This website has sometimes been said to be over-critical and negative about the industry that is its subject. That isn't the intention, and I thought it might be useful to outline my personal philosophy on the nature of history, and of knowledge in general.
Our species is called homo sapiens. Central to our self-image is the idea that it is our inexorable pursuit of knowledge that sets us apart from the dumb beasts. And yet true knowledge is an elusive thing - so elusive, in fact, that our pursuit of it may be said to be always unrequited. Little, if anything, in our experience is genuinely knowable. Professions of knowledge are always questionable and often fraudulent. The pragmatist might ask - "without knowledge, how could we have sent people to the moon?" The correct response to this is that, to get to the moon, knowledge is not required.
Cursed by their inability to attain true knowledge, human beings create narratives to explain the world they live in, and invest these with the regalia of knowledge. Such narratives might be the Book of Genesis, the Phlogiston Theory, or an account of the sequence of reactions that takes place in the bowels of a cement kiln. The narrative remains inviolable as long as its predictions remain sufficiently well in accord with practical experience. Successful narratives are propagated at the expense of those that fail.
That narratives are inviolable is a political statement, and narratives, in collaborative human ventures, are sacrosanct - that is, contradictions and criticism of them are in practice discouraged and suppressed. Every human organisation has self-preservation - and preservation of its narrative - as its primary sine qua non function, to which all other functions are subordinate. Accounts of actual experience are selected and distorted in order to fit with the accepted model. The adoption of a new, more successful, narrative only takes place by disruption, in which the priestly proponents of the old are not converted to the new, but simply rendered irrelevant.
In surveying the historical sources, particularly on a technological subject, one finds that people got things wrong all the time. Their errors not only limited their own success, but also that of succeeding generations. They were not necessarily at fault for this - ignorance is after all the default human condition, and learning follows the arrow of time (although sometimes things are unlearned as well). The application of a now-superseded narrative was not qualitatively different from the application of the current narrative. However, the process of writing history here, now, always consists of interpreting the past in terms of the current narrative.
Nothing can be more pointless in a historical account than to present past errors uncritically. Bearing in mind the need to preserve the organisation's cultural memes, it's obvious that whenever the results of an innovative experiment are published, the experiment is claimed to be a success. A retrospect of decades allows a pragmatic assessment of the truth of the claim to be made.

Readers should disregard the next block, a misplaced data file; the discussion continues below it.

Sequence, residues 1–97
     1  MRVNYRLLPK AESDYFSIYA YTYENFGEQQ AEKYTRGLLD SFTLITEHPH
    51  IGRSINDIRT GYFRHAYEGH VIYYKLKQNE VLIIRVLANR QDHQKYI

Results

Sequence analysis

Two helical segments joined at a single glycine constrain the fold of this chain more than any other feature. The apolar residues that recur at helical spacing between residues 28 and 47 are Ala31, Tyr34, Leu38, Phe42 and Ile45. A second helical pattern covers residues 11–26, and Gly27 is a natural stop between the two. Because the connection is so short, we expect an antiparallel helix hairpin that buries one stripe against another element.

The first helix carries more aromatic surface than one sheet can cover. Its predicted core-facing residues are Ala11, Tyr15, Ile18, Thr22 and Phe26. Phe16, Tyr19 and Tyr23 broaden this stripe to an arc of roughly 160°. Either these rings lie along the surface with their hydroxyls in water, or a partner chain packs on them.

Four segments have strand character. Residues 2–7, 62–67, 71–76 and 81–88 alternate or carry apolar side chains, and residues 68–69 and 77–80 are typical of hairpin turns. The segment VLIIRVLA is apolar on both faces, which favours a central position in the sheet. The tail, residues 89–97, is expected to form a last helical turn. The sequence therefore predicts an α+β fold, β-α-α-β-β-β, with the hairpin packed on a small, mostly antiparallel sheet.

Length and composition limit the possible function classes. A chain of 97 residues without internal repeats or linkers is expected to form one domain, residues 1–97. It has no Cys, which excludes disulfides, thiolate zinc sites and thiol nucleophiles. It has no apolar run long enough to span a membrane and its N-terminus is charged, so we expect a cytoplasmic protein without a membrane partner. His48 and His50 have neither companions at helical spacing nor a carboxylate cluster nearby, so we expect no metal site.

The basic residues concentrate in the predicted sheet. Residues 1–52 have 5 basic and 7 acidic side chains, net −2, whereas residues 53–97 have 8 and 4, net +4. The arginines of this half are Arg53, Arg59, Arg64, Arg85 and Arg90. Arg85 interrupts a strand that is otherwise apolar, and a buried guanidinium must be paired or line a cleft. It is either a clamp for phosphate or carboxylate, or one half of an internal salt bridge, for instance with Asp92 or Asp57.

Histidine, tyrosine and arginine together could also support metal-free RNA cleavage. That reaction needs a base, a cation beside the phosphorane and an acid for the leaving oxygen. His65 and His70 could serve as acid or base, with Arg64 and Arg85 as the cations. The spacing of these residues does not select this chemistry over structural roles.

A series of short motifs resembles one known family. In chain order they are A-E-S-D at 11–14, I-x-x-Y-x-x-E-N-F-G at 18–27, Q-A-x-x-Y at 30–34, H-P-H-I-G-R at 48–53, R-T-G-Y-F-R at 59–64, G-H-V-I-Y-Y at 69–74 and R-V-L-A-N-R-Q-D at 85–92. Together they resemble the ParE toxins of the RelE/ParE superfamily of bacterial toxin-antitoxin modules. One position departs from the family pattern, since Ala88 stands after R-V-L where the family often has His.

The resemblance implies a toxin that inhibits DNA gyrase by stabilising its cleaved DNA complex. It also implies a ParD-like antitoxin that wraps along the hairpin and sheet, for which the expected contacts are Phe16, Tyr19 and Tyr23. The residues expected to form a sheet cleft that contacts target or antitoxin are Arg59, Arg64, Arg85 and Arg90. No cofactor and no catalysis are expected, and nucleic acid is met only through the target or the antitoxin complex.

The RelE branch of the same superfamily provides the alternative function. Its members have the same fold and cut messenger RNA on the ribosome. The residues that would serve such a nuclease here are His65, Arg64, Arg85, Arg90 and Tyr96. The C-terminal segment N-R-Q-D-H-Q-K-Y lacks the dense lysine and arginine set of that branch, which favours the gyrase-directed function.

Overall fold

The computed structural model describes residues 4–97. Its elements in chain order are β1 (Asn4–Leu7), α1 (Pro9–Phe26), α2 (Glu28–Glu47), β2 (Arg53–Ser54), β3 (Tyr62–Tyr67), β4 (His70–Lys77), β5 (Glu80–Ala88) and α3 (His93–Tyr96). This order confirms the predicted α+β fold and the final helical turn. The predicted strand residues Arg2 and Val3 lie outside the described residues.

As an example of this, there arose in the mid-1920s the practice of introducing slurry into the upper end of cement kilns by means of sprays. Every account of this pronounces it to have been a dazzling success. A large proportion of the dried feed was entrained in the exhaust gases, and because the kilns of the time had little in the way of dust filtration, dust was emitted over the neighbourhood in volcanic quantities. However, accounts of the time said that dust emission was not an issue, or even that slurry sprays improved the situation. Published accounts a few years later said that dust had been a problem initially, but this had now been fixed! At no time (of course) was there any suggestion that an installation was a failure. Using only the published accounts as sources of information, one might conclude that the process was so successful that it was installed everywhere and became standard practice. In fact all installations were removed within a very few years. Only by looking at newspaper accounts of the cacophony of dust complaints that took place at the time does one get any idea of an alternative point of view. Of course, the people at the "sharp end" of the industry who were required to implement this system were very well aware of its shortcomings, but had to soldier on. Those who dared put their heads above the parapet and point out that the "King's New Clothes" were not as claimed, were quickly "disappeared". To be on the team, you have to be a true believer.
I leave it to those still in the thick of it to say whether this style is still a feature of the industry.
The point that emerges is this: anyone versed in the current narrative would say without having to think for long that slurry sprays were a really stupid idea - probably emanating (as in fact was the case) from someone with little knowledge of the industry. A historical account should be capable of making this point.
I have said that this requires a retrospect of decades. It follows that current events can't be subject to the same critical approach. However, one can at least avoid adopting the current memes, and this I have tried to do. And if the King's still naked, I'd rather say nuffin than join in admiring his robes. It's difficult. But (as a colleague used to say ad literal nauseam) no-one said it would be easy.